"A well-wound coil is a well-wound coil regardless if it's wound with professional equipment, or if somebody's great-grandmother winds it to an old French recipe with Napoleon's modified coffee grinder and chops off the wire after a mile with an antique guillotine!"
- Bill Lawrence

Come and be with me
Live my twisted dream
Pro devoted pledge
Time for primal concrete sledge

Last edited by Evilnine at Jan 23, 2015,
#7
Since then, I have only bought guitars that have that really special magic, that have the special sauce that when I pick it up I go "oh wow, Oh Wow, OH WOW!. If it doesn't do that it goes back on the stand.


I really don't have that issue. I just bought a used guitar, a relatively cheap guitar, and had it shipped from Vancouver to El Lay. Out of the box it was dirty, the strings had rusticles, the frets were scratchy, the neck had WAY too much relief and it didn't sound that great.

If you'd picked up that guitar, you would have put it right back down.

I went to work on it, tweaking and polishing. Turns out it has a really superb set of handwound P90's, and once properly set up and tweaked, it's a magnificent player and it sounds gorgeous.

When I worked in a music store in the Midwest long ago, we'd pick out the guitar we wanted to move most. I'd go to work on it. When I was satisfied, we put the guitar back out on the rack, and quietly hand it to guys like you. I'd whisper, "You can't have this one; this is my demo guitar, but try it anyway." Every time it sold within a week. One guy snuck into the store when I was out to lunch, bought it and scampered away before I came back.

Special Sauce indeed.

These days, I hand most guitars that are new to me to Gary Brawer in San Francisco, the Special Sauce guy. He superglues the frets (most guitars don't have glued frets, but hand-built customs often do), filling the tang cavities with thin superglue, solidifying their bond to the fretboard, eliminating flyer/dead frets and making a difference in the overall tone. Then he feeds the guitar to the PLEK machine, tweaks it for my action preference and finishes the whole thing off with a fret polish (he usually uses a thick piece of rough leather) and some final adjustments. In at least one case, the whole process cost more than the guitar cost me, but that guitar has become one of my staples, one of the infamous bar guitar duo.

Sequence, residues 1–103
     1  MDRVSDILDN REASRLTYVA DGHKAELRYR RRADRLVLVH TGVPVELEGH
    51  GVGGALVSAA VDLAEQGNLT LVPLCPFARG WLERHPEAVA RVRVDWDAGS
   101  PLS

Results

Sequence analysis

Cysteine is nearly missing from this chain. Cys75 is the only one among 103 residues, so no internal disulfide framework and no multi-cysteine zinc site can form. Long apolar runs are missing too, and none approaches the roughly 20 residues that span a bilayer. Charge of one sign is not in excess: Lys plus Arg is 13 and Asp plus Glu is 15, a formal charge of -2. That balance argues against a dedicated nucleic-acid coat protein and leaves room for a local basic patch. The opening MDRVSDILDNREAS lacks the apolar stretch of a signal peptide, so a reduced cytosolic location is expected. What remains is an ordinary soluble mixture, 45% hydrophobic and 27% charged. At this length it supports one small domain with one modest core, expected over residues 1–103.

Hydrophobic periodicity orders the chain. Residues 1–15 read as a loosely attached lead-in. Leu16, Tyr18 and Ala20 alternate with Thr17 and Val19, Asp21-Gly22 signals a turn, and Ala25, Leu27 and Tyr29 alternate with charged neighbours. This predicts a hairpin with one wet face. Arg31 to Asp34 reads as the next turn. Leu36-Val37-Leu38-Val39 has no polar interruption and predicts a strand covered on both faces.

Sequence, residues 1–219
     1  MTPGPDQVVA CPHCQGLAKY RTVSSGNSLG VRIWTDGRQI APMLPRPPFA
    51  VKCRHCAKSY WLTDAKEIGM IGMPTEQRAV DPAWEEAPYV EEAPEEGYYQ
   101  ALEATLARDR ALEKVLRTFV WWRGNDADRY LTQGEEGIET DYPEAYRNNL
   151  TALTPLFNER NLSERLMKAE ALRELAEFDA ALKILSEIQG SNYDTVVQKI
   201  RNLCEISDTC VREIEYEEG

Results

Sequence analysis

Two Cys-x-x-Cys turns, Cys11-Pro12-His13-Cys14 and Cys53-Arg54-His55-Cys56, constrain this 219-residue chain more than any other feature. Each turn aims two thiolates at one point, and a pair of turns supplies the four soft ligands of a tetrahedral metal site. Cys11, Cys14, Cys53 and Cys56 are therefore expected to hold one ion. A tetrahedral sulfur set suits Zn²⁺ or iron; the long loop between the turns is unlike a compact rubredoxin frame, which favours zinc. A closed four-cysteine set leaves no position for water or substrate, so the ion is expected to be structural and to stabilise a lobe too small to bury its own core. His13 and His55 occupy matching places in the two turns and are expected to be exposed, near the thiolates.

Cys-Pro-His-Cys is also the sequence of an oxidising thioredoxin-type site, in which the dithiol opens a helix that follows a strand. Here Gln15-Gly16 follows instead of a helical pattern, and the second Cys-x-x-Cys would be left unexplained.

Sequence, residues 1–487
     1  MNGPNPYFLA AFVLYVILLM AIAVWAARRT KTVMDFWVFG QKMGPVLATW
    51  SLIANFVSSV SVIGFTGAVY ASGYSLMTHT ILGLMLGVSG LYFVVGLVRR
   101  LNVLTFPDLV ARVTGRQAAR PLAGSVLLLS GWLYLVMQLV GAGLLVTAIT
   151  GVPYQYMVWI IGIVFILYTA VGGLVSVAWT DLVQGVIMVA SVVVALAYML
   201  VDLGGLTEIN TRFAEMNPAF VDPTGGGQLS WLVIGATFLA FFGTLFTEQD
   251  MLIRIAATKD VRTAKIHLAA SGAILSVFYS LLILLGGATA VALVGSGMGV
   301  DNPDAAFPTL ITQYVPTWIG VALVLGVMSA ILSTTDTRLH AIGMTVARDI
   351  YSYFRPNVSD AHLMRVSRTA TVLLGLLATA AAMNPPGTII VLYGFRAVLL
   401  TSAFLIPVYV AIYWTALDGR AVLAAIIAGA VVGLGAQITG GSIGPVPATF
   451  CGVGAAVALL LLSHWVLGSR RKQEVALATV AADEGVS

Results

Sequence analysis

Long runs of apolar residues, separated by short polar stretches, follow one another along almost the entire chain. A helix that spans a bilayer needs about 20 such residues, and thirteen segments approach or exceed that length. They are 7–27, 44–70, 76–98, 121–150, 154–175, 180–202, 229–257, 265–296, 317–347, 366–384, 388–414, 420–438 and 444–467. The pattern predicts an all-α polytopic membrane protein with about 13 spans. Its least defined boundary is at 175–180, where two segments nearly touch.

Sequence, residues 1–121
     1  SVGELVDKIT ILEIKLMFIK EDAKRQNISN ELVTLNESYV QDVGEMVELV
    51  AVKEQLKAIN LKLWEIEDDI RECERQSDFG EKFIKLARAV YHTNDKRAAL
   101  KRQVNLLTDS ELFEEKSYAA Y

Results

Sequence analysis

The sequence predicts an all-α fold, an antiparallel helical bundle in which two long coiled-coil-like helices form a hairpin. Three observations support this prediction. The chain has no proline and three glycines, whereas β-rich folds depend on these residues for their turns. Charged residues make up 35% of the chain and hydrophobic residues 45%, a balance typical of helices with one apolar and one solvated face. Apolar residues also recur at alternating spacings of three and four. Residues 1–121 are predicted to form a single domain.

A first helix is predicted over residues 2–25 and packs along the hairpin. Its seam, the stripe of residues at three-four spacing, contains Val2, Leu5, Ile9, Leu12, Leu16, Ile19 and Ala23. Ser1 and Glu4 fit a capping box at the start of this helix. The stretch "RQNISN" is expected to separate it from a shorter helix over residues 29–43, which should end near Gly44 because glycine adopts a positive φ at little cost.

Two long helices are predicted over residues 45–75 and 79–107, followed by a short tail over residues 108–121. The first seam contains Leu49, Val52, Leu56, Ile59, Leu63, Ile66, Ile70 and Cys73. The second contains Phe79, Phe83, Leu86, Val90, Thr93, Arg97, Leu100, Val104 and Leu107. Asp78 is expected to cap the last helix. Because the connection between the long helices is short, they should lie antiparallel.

It's a lot easier to end up with a guitar with the Special Sauce when you've got the recipe.
#8
In my 40 years of playing I chased other people's sounds by buying whatever my then current favorite player was using. In the early 70's I saw Carlos Santana play at Madison Square Garden just after the Woodstock movie came out and I immediately had to have an Gibson SG Standard. I worked overtime for months to afford it and finally got it. Strangely I never sounded like Carlos. I didn't understand why. A few years later I traded the SG for a 73 Les Paul after hearing Jeff Beck's tone on "Freeway Jam". Amazingly, I didn't sound like Jeff Beck. What's up with dat? Every few years someone would come along that I admired and I continued to chase those tones through the years. I bought and traded some pretty nice and often expensive guitars and amps chasing someone elses tones but I never acheived my goal of reproducing those sounds (gee I wonder why). The breakthrough came in the late 70's when I joined a band that was doing a lot of traveling and road gigs. I got to work with one of, no, definately the finest lead player I have ever personally worked with. He was playing an inexpensive Ibanez LP copy through an Orange amp (using a gutted pre-CBS Bandmaster head as a pre-amp into his Orange amp head) and 4X12 cabinet. This guy could sound like most all of my favorite players using that single set up. It wasn't due to his equipment but was acheived through talent and technique. This guy would sound good on a Bullet Strat and K-Mart guitar amp. It was an expensive but thankfully important lesson for me. To quote the over used but very true saying, "The tone is in your hands". It has kept me from spending money I don't have on expensive guitars that won't make me sound dramatically better than I sound with the gear I already have. There is certain Zen to accepting that.
Last edited by Rickholly74 at Jan 23, 2015,